A story told by the conscious mind has a beginning, a development, and an end but the same is not true of the dream. ~Carl Jung; Man and His Symbols; Page 12.

Consciousness naturally resists anything unconscious and unknown ~Carl Jung; Man and His Symbols; Page 17.

If you observe a neurotic person, you see him doing many things that he appears to be doing consciously and purposively, yet if you ask him about them, you will discover that he is either unconscious of them or has something quite different in mind. ~Carl Jung; Man and His Symbols; Page 19.

When something slips out of our consciousness it does not cease to exist…It is simply out of sight. Thus part of the unconscious consists of multitudes of temporarily obscured thoughts, impressions and images that, in spite of being lost, continue to influence our conscious minds. ~Carl Jung; Man and His Symbols, Page 18.

. . . so many physicians dismiss statements by hysterical patients as utter lies. Such persons certainly produce more untruths than most of us, but “lie” is scarcely the right word to use. ~Carl Jung; Man and His symbols; Page 19.

Freud and Josef Breuer recognized that neurotic symptoms… are in fact symbolically meaningful. They are one way in which the unconscious mind expresses itself. ~Carl Jung; Man and His Symbols; Page 9.

This capacity to isolate part of one’s mind, indeed, is a valuable characteristic. ~Carl Jung; Man and His Symbols; Page 8.

Forgetting . . . is a normal process, in which certain conscious ideas lose their specific energy because one’s attention has been deflected. ~Carl Jung; Man and His symbols; Page 20

. . . “civilized” man reacts to new ideas by erecting psychological barriers to protect himself from the shock of facing something new. ~Carl Jung; Man and His Symbols; Page 17.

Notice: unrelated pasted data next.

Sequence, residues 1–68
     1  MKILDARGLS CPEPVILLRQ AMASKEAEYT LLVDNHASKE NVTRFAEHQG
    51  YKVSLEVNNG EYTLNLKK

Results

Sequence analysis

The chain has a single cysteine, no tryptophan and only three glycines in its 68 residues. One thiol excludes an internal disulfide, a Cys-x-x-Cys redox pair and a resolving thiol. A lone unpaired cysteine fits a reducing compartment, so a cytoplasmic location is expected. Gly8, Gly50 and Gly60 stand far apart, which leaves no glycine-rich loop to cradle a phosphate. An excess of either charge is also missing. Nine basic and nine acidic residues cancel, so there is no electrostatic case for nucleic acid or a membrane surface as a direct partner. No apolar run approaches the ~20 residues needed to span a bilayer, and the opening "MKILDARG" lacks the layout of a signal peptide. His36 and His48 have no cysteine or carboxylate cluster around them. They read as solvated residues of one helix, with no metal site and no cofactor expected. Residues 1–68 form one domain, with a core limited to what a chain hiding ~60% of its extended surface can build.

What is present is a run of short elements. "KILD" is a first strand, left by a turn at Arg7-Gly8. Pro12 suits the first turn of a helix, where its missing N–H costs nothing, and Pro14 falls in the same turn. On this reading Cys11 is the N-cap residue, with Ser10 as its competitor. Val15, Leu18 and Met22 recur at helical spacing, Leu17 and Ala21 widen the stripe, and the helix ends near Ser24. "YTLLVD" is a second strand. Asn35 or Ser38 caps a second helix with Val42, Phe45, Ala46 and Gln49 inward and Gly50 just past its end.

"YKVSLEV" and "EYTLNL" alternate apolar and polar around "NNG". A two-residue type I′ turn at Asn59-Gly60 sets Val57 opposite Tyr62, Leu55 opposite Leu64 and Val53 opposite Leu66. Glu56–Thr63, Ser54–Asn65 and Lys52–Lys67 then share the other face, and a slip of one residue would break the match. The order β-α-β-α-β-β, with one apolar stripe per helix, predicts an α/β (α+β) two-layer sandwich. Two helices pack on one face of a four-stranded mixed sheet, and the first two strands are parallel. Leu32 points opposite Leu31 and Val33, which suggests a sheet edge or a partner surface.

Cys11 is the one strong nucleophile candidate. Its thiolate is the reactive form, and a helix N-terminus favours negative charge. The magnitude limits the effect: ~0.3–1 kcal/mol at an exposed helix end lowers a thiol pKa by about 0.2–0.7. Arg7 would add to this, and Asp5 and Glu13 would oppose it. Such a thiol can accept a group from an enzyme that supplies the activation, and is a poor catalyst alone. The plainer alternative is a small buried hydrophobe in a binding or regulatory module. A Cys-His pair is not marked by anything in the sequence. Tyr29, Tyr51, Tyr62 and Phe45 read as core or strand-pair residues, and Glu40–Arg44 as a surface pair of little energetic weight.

Man . . . never perceives anything fully or comprehends anything completely. He can see, hear, touch, and taste; but how far he sees, how well he hears, what his touch tells him, and what he tastes depend upon the number and quality of his senses. These limit his perception of the world around him. ~Carl Jung; Man and His symbols; Page 4.

Primitive man was much more governed by his instincts than are his “rational” modern descendants, who have learned to “control” themselves. ~Carl Jung; Man and His symbols; Page 36.

Myths go back to the primitive storyteller and his dreams, to men moved by the stirring of their fantasies. These people were not very different from those whom later generations called poets or philosophers. ~Carl Jung; Man and His Symbols; Page 78

…it is plain foolishness to believe in ready-made systematic guides to dream interpretation, as if one could simply buy a reference book and look up a particular symbol. ~Carl Jung, Man and his Symbols, Page 53.

The word ‘matter’ remains a dry, inhuman, and purely intellectual concept… How different was the former image of matter—the Great Mother—that could encompass and express the profound emotional meaning of the Great Mother. ~Carl Jung, Man and His Symbols, pages 94-5.

A man likes to believe that he is master of his soul. ~Carl Jung, Man and His Symbols, Page 83.

But as long as he [Man] is unable to control his moods and emotions, or to be conscious of the myriad secret ways in which unconscious factors insinuate themselves into his arrangements and decisions, he is certainly not his own master. ~Carl Jung, Man and His Symbols, Page 83.

The individual is the only reality. ~Carl Jung, Man and His Symbols, Page 58.

Their [Pueblo Indians] plight is infinitely more satisfactory than that of a man in our own civilization who knows that he is (and will remain) nothing more than an underdog with no inner meaning to his life. ~Carl Jung, Man and His Symbols, Page 89.

The Pueblo Indians believe that they are the sons of Father Sun, and this belief endows their life with a perspective (and a goal) that goes far beyond their limited existence. ~Carl Jung, Man and His Symbols, Page 89.

Dreams have influenced all the important changes in my life and theories. ~Carl Jung, Man and His Symbols, Page 85.

I concluded that only the material that is clearly and visibly part of a dream should be used in interpreting it. The dream has its own limitation. ~Carl Jung, Man and His Symbols, Page 29

Dreams may sometimes announce certain situations long before they actually happen. This is not necessarily a miracle or a form of precognition. Many crises in our lives have a long unconscious history. ~Carl Jung, Man and His Symbols, Page 29

No genius has ever sat down with a pen or a brush in his hand and said: “Now I am going to invent a symbol.” ~Carl Jung, Man and His Symbols, Page 55.